Session the 17th: The Years of Zorn and Tharn

Ike came with me, as always. On the way up there was a guy (with an employee badge) who looked at me clutching my cow, looked at the floor number I punched on the elevator panel, and just nodded to himself.

Yeah, we keep the crazies alllll on one floor.

No, all the stares in the world will not jar Ike from my arms. Were Obama himself to give me a hard look through the TV screen at me clutching Ike, I would… um, call the hospital to get committed. But not let go of Ike.

Anyways….

We talked about a lot of things (some of which have been covered in the past couple weeks, including this morning’s dream, the entitlement game, and basically the PTSD posts leading up to and through July 4th, and the reactions that started occurring after I saw Toy Story 3 last week). I spoiled Toy Story 3 for my bartender (he said it was OK to spoil though). I mean, good gods. The movie gets so intense that at the end, the toys are holding hands waiting to die together. Not a lot of animated films go that far in text, CGI or no.

So yeah, we also talked about … well, more or less, talking (retelling, like war stories) about my experiences so that eventually the memories get incorporated. Eventually. War stories do this for PTSD-suffering war veterans too. Eventually.

Sigh. Eventually.

Anyways, while I do talk about the pre-war and war years, so to speak, I rarely talk about the Years of Zorn and Tharn, that space of nothing but agony between cutting off my parents and, years later, establishing myself elsewhere. ((For reference, see here.)) That sounds short and easy, doesn’t it. But it wasn’t.

See, while the Years of Zorn and Tharn were marked by betrayal by some people who thought that my parents and I deserved a “second chance” (spit), whether or not my parents ended up killing me, they otherwise don’t offer many actual stories. These years are the kind of years any sane author would sink into a timeskip and not cover except in off-the-cuff references, because while there was a lot of (very justified) angst, paranoia, and PTSD, there were not a lot of incidents. It was one long solid block of misery.

Of course, the few incidents that did occur were rather incandescent in their scariness, and served to make the misery darker and more inescapable. Certainly more lonely as it became more and more obvious that I couldn’t rely on any connections that touched back to University. Even innocent people who sincerely wanted to help me—and not, you know, in the Biblical Ten Commandments sense—could accidentally pass information on.

I don’t even know how to describe the Years of Zorn and Tharn except to say that it was like running in that dark, suffocating tunnel in Coraline, where she knew that if she fell, she might not get back up again and it went on for years.

How can I even begin to talk about it coherently? And if I can’t, how can I heal the scars from it? I mean, heal faster than just letting the PTSD trigger into that region of my memory over and over again for the next few decades.

Yeah, I know, this is the part where healing actually gets Nintendo Hard rather than just horribly, horribly difficult.

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4 thoughts on “Session the 17th: The Years of Zorn and Tharn

  1. Some thoughts you can consider and see whether they seem useful:

    – The goal of talking about it should probably be distinct from the goal of talking about it coherently.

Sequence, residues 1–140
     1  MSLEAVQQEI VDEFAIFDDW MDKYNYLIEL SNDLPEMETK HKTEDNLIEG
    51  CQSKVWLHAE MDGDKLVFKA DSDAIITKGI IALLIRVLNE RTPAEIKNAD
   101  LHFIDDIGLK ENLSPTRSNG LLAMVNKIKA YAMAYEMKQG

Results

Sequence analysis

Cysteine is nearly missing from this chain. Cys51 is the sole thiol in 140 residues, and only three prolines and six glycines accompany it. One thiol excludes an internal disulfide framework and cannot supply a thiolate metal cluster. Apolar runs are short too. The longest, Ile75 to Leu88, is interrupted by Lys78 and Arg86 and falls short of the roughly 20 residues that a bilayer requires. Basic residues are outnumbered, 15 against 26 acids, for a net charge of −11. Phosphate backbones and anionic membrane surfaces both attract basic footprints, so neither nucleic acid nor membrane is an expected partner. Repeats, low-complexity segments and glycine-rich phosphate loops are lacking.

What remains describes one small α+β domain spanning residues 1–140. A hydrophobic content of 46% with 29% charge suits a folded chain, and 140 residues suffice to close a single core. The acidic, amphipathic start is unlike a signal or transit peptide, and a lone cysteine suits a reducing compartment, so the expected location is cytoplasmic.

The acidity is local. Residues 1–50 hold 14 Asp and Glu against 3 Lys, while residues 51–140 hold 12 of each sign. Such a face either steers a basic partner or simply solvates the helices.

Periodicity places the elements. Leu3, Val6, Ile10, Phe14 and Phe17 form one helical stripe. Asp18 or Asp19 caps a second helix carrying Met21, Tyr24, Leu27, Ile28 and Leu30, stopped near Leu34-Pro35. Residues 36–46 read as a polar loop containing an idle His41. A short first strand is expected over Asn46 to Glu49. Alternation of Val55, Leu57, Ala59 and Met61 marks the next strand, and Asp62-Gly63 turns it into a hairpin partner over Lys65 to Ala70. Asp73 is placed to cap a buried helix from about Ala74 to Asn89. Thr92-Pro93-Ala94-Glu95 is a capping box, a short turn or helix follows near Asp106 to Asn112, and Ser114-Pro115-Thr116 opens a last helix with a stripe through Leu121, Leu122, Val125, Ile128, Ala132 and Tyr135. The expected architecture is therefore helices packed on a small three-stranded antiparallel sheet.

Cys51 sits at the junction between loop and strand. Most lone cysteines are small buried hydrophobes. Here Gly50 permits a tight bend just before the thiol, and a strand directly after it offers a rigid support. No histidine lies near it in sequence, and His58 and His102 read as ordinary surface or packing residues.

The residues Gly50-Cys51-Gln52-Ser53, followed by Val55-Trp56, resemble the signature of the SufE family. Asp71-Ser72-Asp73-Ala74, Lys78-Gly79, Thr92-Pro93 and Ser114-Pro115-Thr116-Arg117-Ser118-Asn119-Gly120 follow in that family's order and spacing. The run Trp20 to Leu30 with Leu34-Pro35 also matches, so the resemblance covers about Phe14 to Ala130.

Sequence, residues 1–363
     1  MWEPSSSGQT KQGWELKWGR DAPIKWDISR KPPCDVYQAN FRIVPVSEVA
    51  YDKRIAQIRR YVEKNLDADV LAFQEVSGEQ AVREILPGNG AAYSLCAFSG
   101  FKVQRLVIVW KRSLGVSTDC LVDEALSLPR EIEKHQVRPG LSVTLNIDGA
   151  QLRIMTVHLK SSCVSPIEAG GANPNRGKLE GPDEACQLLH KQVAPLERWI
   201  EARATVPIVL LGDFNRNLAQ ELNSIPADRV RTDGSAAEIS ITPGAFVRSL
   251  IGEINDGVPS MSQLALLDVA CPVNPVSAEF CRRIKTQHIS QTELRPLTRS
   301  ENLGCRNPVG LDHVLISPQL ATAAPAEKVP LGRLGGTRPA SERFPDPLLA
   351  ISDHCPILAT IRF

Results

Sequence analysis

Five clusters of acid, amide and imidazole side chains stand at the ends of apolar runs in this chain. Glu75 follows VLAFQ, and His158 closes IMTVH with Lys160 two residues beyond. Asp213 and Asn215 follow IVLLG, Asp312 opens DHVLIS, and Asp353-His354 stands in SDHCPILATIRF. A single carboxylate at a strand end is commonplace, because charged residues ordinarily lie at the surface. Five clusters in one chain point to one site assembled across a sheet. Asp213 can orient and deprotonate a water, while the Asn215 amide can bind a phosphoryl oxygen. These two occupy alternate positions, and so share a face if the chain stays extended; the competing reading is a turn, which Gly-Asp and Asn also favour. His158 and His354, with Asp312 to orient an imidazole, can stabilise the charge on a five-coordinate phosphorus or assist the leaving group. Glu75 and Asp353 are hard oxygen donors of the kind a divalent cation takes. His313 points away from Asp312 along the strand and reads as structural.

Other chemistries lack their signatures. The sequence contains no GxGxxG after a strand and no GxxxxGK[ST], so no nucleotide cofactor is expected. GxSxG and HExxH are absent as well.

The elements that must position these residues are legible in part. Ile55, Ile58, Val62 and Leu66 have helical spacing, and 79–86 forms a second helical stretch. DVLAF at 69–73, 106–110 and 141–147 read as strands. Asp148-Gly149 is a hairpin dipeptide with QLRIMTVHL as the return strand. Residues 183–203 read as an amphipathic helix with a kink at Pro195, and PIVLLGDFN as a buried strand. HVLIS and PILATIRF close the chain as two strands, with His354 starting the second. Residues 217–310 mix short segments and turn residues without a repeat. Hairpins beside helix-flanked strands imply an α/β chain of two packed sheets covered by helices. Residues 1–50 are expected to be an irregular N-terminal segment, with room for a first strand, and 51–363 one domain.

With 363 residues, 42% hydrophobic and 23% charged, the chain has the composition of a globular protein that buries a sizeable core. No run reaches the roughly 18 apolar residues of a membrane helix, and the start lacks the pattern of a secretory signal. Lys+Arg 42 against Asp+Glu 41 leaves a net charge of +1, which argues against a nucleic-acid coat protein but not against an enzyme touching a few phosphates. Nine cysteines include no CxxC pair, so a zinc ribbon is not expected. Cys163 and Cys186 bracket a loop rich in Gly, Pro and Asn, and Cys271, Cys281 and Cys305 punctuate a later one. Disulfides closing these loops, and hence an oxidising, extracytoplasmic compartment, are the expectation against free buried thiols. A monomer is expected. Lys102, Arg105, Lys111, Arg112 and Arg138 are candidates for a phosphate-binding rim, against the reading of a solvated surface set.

– It doesn’t have to all go in one story. Subplots or discrete chunks often work better. Stories are a chunk of space-time (she said, putting on her Pratchett hat) that mean something or convey something or resolve something. So there isn’t just one story of My Tour in Vietnam, there are sub-stories that each convey a different aspect of the experience, and some are funny and some are sad or horrifying. Also, telling it as more than one story means you don’t have to deal with it all at once.

    – Sometimes it helps to begin with the background: just describe a place where you lived, or a person you interacted with once, or a thing you had for dinner one time. Or a thing you had for dinner lots of times, because …and there’s your lead-in to a story with actual meaning.

    – Monotony without incident is indeed hard to fit into standard story forms. Maybe borrow the vignette or portrait forms of fanfic where the point is simply to spend a little time with a character or place?

  2. These are very useful suggestions. Thank you.

    I’ve never really thought before about applying basic storytelling techniques to my life even more. I don’t want to be a wallower in my pain, but of course there is a balance one can achieve. War stories are stories after all, and narrative non-fiction is an art form (and one I can do somewhat okay at).

    I never thought I’d blog an auto-biography ^.^ I began this blog as one of many, many ways to avoid pain, but instead it became a place to try to pin it down and expose it. And maybe rip its spine out if I succeed.

    Or at least get to the end screen.

  3. This isn’t about wallowing. This is about taking control. From They Used to Call Me Snow White … But I Drifted, page 153:

    Nora Ephron ends her brilliant novel Heartburn with a list of reasons why it’s absolutely essential to “turn everything into a story” when a friend questions why she has to give a funny answer to even the most serious questions. “So I told her why,” says Rachel, whose husband has just left her for another woman. “Because if I tell the story, I control the version. Because if I tell the story, I can make you laugh, and I would rather have you laugh than feel sorry for me. Because if I tell the story, it doesn’t hurt as much. Because if I tell the story, I can get on with it.”

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